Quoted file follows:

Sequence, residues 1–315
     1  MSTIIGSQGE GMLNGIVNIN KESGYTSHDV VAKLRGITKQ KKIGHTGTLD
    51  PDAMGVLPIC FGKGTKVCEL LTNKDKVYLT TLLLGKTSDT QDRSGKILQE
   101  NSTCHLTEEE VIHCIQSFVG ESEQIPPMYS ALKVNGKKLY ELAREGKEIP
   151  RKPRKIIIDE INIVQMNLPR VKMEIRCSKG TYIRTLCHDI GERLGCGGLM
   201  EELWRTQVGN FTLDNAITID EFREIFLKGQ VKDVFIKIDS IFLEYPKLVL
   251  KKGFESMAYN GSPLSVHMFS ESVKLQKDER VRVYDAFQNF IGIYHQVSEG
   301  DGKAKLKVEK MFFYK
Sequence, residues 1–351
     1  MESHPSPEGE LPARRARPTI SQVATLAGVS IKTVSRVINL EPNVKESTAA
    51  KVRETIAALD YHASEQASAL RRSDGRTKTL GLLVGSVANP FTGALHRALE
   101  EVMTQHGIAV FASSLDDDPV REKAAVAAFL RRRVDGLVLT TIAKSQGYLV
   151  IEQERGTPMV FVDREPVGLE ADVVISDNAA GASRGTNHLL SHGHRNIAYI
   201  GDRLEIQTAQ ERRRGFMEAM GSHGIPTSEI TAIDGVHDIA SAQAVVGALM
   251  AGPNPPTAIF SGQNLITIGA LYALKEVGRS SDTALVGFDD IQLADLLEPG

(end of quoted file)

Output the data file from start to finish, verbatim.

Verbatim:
Sequence, residues 1–315
     1  MSTIIGSQGE GMLNGIVNIN KESGYTSHDV VAKLRGITKQ KKIGHTGTLD
    51  PDAMGVLPIC FGKGTKVCEL LTNKDKVYLT TLLLGKTSDT QDRSGKILQE
   101  NSTCHLTEEE VIHCIQSFVG ESEQIPPMYS ALKVNGKKLY ELAREGKEIP
   151  RKPRKIIIDE INIVQMNLPR VKMEIRCSKG TYIRTLCHDI GERLGCGGLM
   201  EELWRTQVGN FTLDNAITID EFREIFLKGQ VKDVFIKIDS IFLEYPKLVL
   251  KKGFESMAYN GSPLSVHMFS ESVKLQKDER VRVYDAFQNF IGIYHQVSEG
   301  DGKAKLKVEK MFFYK
Sequence, residues 1–351
     1  MESHPSPEGE LPARRARPTI SQVATLAGVS IKTVSRVINL EPNVKESTAA
    51  KVRETIAALD YHASEQASAL RRSDGRTKTL GLLVGSVANP FTGALHRALE
   101  EVMTQHGIAV FASSLDDDPV REKAAVAAFL RRRVDGLVLT TIAKSQGYLV
   151  IEQERGTPMV FVDREPVGLE ADVVISDNAA GASRGTNHLL SHGHRNIAYI
   201  GDRLEIQTAQ ERRRGFMEAM GSHGIPTSEI TAIDGVHDIA SAQAVVGALM
   251  AGPNPPTAIF SGQNLITIGA LYALKEVGRS SDTALVGFDD IQLADLLEPG